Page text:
Contract, Validity. Champerty. Attorney at Law.
An agreement between a landowner and an attorney at law, that the attorney shall receive for his services, in trying before the county commissioners a petition for damages to be paid for land of the landowner taken by a railroad corporation, an amount equal to one and a half per cent of the amount awarded as damages together with the amount of all cash disbursements and expenses incurred for the trial and the taxable costs allowed by law before the county commissioners, is not champertous, but is a valid contract; and it here was held, that an attorney at law in an action on such a contract could recover the agreed compensation.
CONTRACT by an attorney at law to recover compensation for his services. Writ dated July 12, 1912.
The declaration contained two counts. The first count alleged that the plaintiff on December 31, 1909, made an oral contract with the defendant to try as attorney for him a certain petition for damages, which the plaintiff theretofore had brought for the defendant against the Norwich and Worcester Railroad Company and which then was pending before the county commissioners of the county of Worcester, for the compensation of one and a half per cent of the amount which the county commissioners should find to be the damages to which the defendant was entitled as against the railroad company, together with all the cash disbursements and expenses which the plaintiff might incur and the taxable costs allowed by law before the county commissioners; that in pursuance of this contract the plaintiff tried the case before the county commissioners, and that on July 10, 1910, the county commissioners found the amount of the damages to which the defendant was entitled upon the petition to be $13,928.83, of which one and a half per cent was $208.93; and that the costs allowed by law before the county commissioners amounted to $48.49; also alleging certain disbursements amounting to $9.94; the whole claim under the first count amounting to $267.38 with interest from July 12, 1910.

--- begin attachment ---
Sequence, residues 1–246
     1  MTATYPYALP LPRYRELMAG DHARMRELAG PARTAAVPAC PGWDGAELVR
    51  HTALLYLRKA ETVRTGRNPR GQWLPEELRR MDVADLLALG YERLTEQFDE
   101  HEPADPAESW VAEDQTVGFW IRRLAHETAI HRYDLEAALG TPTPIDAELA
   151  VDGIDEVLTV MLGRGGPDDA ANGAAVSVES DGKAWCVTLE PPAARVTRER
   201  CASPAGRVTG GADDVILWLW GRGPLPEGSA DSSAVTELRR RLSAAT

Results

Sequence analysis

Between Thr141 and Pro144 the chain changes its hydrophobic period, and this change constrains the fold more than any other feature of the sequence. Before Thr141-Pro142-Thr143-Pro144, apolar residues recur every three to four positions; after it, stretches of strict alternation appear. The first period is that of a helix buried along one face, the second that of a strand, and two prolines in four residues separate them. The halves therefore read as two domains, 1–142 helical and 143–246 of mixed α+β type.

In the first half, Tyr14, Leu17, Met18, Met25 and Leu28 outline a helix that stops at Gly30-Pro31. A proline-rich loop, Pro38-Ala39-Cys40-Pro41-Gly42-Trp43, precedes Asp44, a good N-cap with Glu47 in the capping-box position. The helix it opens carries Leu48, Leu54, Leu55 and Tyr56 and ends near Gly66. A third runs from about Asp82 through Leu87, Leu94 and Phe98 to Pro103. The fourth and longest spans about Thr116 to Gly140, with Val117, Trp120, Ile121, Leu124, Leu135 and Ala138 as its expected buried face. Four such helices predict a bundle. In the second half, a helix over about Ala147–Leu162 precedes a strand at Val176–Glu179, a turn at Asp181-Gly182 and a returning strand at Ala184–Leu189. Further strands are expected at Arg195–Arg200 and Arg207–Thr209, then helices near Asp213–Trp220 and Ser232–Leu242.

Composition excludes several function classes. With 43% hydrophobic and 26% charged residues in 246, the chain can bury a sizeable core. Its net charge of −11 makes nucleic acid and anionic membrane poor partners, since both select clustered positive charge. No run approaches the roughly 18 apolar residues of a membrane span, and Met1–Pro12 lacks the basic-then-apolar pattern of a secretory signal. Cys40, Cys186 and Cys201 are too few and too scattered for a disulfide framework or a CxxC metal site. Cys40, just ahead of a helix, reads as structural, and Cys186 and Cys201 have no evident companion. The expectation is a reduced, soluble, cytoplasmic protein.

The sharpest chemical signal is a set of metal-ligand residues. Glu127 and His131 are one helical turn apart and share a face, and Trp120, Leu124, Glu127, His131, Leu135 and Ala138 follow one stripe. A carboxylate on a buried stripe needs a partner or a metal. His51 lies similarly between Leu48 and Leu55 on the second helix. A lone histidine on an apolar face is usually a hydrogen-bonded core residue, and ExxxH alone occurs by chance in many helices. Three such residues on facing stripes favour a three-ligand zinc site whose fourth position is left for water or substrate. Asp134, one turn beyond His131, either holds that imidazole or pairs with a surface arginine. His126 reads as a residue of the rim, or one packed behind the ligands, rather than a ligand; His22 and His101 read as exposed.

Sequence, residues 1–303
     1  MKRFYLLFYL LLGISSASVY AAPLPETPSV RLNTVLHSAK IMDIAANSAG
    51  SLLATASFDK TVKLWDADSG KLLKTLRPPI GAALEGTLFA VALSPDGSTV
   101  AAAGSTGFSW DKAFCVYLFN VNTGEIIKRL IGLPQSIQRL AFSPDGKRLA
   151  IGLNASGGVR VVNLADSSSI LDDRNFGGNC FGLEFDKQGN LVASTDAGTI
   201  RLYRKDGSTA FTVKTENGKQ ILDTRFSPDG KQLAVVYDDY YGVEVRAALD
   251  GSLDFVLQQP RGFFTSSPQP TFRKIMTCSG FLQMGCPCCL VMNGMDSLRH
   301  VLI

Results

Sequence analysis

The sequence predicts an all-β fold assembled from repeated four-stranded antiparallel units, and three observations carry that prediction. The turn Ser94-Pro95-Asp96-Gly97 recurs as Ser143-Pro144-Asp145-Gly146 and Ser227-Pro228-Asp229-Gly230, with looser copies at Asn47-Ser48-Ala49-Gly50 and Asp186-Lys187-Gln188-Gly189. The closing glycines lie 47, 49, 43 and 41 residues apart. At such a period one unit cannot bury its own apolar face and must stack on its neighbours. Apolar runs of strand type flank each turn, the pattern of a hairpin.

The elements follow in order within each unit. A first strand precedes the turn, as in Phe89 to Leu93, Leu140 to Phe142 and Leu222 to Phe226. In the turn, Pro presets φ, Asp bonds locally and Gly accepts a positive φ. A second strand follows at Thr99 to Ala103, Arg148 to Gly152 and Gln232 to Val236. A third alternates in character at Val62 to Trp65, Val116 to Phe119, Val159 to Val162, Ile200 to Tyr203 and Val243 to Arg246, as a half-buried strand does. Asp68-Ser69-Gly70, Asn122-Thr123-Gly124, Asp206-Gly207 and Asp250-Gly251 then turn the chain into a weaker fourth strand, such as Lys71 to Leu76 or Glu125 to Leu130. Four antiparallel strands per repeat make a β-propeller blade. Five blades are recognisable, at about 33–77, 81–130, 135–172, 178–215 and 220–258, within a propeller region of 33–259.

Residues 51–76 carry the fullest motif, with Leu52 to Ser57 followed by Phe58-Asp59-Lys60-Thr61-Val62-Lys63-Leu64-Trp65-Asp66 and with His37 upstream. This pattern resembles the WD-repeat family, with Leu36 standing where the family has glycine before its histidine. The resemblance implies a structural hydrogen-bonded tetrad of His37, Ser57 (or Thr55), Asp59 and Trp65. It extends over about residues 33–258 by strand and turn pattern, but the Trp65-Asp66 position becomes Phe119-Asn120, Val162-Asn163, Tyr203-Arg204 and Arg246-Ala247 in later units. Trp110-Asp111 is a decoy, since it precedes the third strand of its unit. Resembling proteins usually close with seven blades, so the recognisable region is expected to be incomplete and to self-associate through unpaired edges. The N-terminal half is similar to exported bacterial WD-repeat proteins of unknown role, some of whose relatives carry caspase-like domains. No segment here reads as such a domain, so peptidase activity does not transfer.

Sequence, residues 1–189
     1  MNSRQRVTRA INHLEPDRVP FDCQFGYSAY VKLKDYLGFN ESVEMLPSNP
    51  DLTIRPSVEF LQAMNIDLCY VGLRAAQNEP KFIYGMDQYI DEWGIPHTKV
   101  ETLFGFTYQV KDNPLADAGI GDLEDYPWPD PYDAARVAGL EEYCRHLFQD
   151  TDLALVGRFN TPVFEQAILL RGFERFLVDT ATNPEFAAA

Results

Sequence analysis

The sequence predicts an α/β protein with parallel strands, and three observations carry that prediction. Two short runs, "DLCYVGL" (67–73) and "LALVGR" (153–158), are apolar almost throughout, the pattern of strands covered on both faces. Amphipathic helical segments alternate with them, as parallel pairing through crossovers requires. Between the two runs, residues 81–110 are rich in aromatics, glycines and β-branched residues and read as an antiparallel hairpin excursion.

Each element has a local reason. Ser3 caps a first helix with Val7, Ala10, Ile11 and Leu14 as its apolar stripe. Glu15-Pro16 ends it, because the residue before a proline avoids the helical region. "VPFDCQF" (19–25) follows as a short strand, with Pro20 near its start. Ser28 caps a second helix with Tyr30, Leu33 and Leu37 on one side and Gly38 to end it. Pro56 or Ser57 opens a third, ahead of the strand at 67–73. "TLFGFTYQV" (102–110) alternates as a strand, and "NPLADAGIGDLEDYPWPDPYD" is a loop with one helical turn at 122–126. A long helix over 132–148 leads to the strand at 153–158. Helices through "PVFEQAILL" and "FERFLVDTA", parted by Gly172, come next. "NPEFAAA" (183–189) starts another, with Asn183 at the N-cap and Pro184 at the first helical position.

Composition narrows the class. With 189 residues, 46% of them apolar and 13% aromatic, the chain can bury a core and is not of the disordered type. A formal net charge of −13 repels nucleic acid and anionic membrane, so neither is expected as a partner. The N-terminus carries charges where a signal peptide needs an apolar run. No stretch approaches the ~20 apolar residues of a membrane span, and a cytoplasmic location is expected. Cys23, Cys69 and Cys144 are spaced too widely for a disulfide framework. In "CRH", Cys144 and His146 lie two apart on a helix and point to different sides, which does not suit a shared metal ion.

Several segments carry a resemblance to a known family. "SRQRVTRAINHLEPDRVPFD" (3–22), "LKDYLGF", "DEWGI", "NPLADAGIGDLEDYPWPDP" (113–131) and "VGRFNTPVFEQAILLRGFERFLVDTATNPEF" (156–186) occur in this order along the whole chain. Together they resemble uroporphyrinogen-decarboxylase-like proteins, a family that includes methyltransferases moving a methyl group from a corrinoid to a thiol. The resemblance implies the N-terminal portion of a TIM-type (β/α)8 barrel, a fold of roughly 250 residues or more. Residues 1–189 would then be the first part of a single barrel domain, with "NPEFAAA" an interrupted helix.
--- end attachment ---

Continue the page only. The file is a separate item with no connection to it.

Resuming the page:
The second count was on an account annexed containing charges for alleged services rendered by the plaintiff to the defendant and disbursements connected therewith, amounting to $1,197.56, relating to various matters, chief among which was the trial before a jury in the Superior Court, upon appeal from a decree of the county commissioners, of the same case against the Norwich and Worcester Railroad Company which was the foundation of the first count.
The defendant's answer as amended contained a general denial, and alleged that the agreement declared on in the first count of the plaintiff's declaration was unlawful, illegal, champertous and against public policy; and that the compensation sought in the second count of the plaintiff's declaration was for a continuation of the same services declared on in the first count by way of a special contract, which was alleged to be unlawful, illegal, champertous and against public policy. There also was an allegation of payment.
In the Superior Court the case was tried before Raymond, J.
The following facts, which were found by the judge, were shown by the evidence: